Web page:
Group Dynamics

Group dynamics is a powerful thing, people. We are watching the same movie (Nine Queens, and if you haven’t watched it, you are wasting your life) in two sections of my Spanish Beginners II course. The course is the same, the material is the same, the classes meet on the same days and in the same building.

Yet, the group dynamics is very different. The two groups of students laugh in different places of the movie. They have a completely different collective reaction to it.

This is something that I observe all the time. I prepare an original activity, bring it to class, and the students love it. The activity works brilliantly, the students are very enthusiastic, and we achieve great progress in class. Two hours later, I bring the same activity to another section of this course. Students are bored and indifferent and the activity bombs.

A group is so much more than the individuals making it. It has a life of its own.

4 thoughts on “Group Dynamics”

  1. I grew tired of teaching Nine Queens. I grew tired of movies with Ricardo Darin. I know… I know…

    But the reason why I grew tired of teaching Nine Queens is that I never have enough time to prepare my students to discuss the issues depicted in the movie in depth.

    About group dynamics. I am teaching two sections of Intermediate Spanish II this semester. I think that one section rocks and teaching to the other section is excruciating. Now, I have a student who asked me to switch from the good section to the not-so-good section because it fits better hir schedule. I did not mind as the evaluations are the same. I asked this student if s/he likes the new ‘not-so-good’ section. Hir answer was that the ‘not-so-good’ section is better than the other section, that students participate more, and that the energy is better.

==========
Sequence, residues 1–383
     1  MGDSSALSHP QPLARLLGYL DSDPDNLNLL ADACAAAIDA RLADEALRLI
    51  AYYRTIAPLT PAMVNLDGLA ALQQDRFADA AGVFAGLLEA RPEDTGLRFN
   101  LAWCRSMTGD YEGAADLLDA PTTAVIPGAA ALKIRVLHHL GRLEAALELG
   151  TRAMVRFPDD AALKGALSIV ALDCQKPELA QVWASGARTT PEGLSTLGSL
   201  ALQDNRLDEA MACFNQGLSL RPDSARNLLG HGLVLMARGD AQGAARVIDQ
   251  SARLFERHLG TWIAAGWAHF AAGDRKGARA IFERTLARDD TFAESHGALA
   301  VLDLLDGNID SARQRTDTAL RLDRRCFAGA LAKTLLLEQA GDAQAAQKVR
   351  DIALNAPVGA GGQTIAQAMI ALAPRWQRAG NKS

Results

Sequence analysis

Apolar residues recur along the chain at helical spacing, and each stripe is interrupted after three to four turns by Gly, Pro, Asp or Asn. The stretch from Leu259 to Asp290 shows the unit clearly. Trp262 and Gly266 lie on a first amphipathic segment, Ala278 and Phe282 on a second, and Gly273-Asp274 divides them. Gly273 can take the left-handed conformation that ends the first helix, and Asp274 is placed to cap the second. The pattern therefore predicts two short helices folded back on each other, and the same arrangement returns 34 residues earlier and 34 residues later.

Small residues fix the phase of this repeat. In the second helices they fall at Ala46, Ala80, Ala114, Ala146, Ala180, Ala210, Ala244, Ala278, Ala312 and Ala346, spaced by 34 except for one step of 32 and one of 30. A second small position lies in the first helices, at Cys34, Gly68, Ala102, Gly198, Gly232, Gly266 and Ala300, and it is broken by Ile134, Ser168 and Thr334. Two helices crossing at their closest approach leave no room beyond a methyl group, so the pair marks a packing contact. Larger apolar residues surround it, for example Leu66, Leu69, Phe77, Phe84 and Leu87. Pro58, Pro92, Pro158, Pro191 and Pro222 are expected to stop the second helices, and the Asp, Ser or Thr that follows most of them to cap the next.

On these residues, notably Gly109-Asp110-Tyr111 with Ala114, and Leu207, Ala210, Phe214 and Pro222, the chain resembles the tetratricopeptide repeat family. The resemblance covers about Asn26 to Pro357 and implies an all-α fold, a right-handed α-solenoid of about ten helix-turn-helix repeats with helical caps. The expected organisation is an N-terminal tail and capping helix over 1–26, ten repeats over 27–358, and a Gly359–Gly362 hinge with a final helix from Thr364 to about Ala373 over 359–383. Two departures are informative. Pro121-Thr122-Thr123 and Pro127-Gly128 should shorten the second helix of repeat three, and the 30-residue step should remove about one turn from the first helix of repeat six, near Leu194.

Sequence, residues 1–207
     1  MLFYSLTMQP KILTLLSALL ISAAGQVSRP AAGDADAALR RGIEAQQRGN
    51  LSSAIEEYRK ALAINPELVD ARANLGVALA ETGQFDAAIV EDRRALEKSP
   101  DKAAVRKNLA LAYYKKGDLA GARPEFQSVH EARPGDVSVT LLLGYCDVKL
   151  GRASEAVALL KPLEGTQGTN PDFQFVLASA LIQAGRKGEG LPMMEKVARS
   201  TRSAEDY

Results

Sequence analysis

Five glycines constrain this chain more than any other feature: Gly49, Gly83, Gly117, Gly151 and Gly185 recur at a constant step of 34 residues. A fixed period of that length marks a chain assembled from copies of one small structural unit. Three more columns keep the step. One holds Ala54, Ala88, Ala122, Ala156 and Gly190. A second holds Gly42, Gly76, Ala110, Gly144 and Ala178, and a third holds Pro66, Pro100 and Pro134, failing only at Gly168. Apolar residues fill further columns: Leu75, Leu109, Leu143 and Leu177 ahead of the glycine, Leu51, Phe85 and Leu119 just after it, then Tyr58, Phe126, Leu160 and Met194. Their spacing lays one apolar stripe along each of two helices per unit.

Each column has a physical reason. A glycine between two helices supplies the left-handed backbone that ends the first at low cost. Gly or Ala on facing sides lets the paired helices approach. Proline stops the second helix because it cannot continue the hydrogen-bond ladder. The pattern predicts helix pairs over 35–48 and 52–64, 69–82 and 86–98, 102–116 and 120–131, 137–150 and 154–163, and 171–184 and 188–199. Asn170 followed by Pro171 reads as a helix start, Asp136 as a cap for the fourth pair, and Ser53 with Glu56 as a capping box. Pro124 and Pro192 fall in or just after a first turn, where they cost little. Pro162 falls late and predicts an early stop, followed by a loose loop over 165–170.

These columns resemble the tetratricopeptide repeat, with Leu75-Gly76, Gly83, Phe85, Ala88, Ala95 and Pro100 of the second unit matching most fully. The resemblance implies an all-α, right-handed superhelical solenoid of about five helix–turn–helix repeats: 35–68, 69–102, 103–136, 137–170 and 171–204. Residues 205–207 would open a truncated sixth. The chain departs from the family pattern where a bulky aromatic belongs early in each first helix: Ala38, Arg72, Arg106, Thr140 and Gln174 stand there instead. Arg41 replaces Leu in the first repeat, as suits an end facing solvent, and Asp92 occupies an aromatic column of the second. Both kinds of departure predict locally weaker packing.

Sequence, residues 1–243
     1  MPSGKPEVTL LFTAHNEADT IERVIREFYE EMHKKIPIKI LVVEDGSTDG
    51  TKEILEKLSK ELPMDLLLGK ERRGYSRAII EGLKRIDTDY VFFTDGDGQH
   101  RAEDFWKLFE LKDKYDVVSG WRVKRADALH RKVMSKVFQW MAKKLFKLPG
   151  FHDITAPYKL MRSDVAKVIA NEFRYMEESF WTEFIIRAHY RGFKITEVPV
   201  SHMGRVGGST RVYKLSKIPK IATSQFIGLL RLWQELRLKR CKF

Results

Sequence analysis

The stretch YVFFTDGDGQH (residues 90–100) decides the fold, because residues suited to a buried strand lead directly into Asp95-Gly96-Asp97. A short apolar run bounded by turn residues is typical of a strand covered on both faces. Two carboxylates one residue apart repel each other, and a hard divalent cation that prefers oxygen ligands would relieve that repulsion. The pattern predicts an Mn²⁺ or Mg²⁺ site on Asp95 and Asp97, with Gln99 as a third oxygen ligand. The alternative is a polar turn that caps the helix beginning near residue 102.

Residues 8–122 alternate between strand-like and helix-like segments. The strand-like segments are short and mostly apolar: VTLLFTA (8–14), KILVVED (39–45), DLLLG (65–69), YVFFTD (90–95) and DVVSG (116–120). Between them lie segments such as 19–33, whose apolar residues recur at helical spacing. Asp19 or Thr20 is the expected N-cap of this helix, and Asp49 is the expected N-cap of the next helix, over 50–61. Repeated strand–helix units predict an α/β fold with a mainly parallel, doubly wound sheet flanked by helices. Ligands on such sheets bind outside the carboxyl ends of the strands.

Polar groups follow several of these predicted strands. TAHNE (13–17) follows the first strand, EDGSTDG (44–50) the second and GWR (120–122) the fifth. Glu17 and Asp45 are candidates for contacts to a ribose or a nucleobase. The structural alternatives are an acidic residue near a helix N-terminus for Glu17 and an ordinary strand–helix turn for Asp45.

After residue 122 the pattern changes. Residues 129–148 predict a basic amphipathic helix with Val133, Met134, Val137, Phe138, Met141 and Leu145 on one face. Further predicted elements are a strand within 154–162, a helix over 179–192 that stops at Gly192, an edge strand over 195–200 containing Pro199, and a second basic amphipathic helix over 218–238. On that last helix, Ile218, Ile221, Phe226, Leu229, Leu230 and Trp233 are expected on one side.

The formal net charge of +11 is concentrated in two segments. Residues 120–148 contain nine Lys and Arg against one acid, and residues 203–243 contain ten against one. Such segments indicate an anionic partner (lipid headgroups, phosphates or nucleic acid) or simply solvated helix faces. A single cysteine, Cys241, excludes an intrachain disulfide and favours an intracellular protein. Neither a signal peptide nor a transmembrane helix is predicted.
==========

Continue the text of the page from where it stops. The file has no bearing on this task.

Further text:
I am confused. My reactions to one class is completely different than my student’s. After all, s/he is the only one besides me who experimented both class dynamics.

    The lesson for now is that even if you teach two sections you must adapt yourself to different group dynamics. And that my impression perhapd misled me.

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    1. “I grew tired of teaching Nine Queens. I grew tired of movies with Ricardo Darin. I know… I know…

      But the reason why I grew tired of teaching Nine Queens is that I never have enough time to prepare my students to discuss the issues depicted in the movie in depth.”

      – Its a 102 course, so I just want them to practice the past tense at this point. For my Advanced language course I will be showing Viva Cuba. It is the most sexually innocent yet somewhat ideologically charged movie I could find.

      Like

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